Evangelical Scientists Debate Evolution, Bible


Over at HuffPost Religion, Travis Loller writes about an interesting dialogue between Southern Baptist theologians and evangelical scientists at the BioLogos Foundation: Many Roman Catholic and mainline Protestant Christians today see parts of the Bible such as the creation as metaphorical, but for many evangelical Christians such a belief is untenable. Southern Baptist Seminary President Albert Mohler, a young-earth creationist, has called the attempt to reconcile evangelicals to evolution a “direct attack upon biblical authority.” Keathley, meanwhile, calls himself an old-earth creationist who accepts that the universe is billions of years old, but also believes that God directly intervened at … Continue reading Evangelical Scientists Debate Evolution, Bible

The World Wide (Religious) Web for Monday, June 6, 2011


The June 2011 issue of Christianity Today includes an interesting article, “The Search for the Historical Adam,” that examines contemporary evangelical views on the historicity of Adam and Eve from scientific and theological perspectives. Here’s a link to the American Scientific Affiliation articles mentioned in CT.My own fellowship, the Assemblies of God, is wrestling with these kinds of issues, which is why I found the article so interesting. The national office is hosting a Faith & Science Conference, June 27–28, 2011, in Springfield, Missouri. _____ Assemblies of God / Convoy of Hope relief efforts continue in Joplin, Missouri. Relief Efforts … Continue reading The World Wide (Religious) Web for Monday, June 6, 2011

The World Wide (Religious) Web for Thursday, May 12, 2011


What is the gospel? Dallas Willard’s answer: “How to get into heaven before you die.” _____ A Leap of Truth explores the relationship between Christian theology and evolutionary theory. _____ Allen C. Guelzo asks, “Whither the Evangelical Colleges?” Hunter Baker replies with a thither. _____ “Presbyterian Church to ordain gays as ministers.” The Rev. Dr. Janet Edwards, a Presbyterian minister, considers this a “moral awakening.”Mark Chaves, a sociologist of religion at Duke University, comments: “They’re making this change amid a larger cultural change. General public opinion on gay rights is trending pretty dramatically in the liberal direction.” On a (cor)related … Continue reading The World Wide (Religious) Web for Thursday, May 12, 2011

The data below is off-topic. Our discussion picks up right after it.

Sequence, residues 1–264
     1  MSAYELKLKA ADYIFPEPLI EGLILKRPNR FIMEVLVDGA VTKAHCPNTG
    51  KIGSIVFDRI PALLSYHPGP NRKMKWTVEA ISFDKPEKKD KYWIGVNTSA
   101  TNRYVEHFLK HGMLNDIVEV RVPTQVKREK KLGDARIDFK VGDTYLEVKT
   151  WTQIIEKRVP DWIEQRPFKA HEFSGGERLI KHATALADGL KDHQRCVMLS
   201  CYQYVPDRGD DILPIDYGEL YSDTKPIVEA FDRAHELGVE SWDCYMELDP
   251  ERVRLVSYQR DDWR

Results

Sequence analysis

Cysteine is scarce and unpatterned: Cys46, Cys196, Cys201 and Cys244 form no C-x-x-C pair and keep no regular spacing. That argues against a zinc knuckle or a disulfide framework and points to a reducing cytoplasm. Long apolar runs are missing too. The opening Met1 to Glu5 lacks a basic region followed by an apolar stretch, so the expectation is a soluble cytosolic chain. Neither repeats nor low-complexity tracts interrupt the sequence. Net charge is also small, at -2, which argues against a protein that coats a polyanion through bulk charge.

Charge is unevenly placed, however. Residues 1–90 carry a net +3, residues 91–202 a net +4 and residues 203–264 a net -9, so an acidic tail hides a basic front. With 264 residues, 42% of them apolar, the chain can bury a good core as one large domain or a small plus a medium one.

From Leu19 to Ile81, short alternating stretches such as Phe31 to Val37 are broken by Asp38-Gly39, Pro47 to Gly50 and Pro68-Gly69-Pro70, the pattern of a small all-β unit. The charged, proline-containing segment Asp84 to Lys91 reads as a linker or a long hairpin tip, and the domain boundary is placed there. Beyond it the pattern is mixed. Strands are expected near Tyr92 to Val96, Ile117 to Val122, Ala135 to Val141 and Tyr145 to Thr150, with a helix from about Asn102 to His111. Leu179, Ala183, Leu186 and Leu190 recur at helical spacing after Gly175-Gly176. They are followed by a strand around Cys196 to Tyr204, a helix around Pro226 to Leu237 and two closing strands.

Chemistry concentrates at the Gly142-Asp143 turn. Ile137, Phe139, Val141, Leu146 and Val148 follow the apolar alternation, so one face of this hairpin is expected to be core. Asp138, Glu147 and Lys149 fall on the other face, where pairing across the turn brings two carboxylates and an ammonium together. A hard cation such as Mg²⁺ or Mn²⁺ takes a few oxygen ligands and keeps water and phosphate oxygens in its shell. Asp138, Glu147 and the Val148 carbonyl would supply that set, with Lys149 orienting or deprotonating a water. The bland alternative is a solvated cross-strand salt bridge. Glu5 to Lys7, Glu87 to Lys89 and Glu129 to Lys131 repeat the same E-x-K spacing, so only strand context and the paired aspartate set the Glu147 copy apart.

The World Wide (Religious) Web for Monday, May 9, 2011


This year is the 400th anniversary of the King James Version (KJV) of the Bible. Over at ChristianityToday.com, Mark A. Noll asks, “What would it have been like if the KJV had always been only one among several competing English-language versions of the Bible?”His answer: When the KJV became the cultural and literary standard for the entire English-speaking world, it was easier to focus on the literary excellence of the translation without stopping to face the divine imperatives and promises that are any Bible’s primary reason for existence. The pervasive cultural presence of this Bible also made it easy to … Continue reading The World Wide (Religious) Web for Monday, May 9, 2011

The World Wide (Religious) Web for Wednesday, April 20, 2011


Here are ten religious posts that caught my eye today: Lee Strobel discusses how Easter killed his faith in atheism. If you’re interested in the topic, check out N. T. Wright’s exhaustive study, The Resurrection of the Son of God, which—at 740 pages is not merely exhaustive but exhausting…to hold, anyway. Or read Michael Licona’s The Resurrection of Jesus: A New Historiographical Approach, which is 22 pages shorter. President Obama hosted an Easter Prayer Breakfast at the White House, and a reporter can’t help but note a political angle (in the penultimate paragraph). Personally, I cheer the president’s statement of … Continue reading The World Wide (Religious) Web for Wednesday, April 20, 2011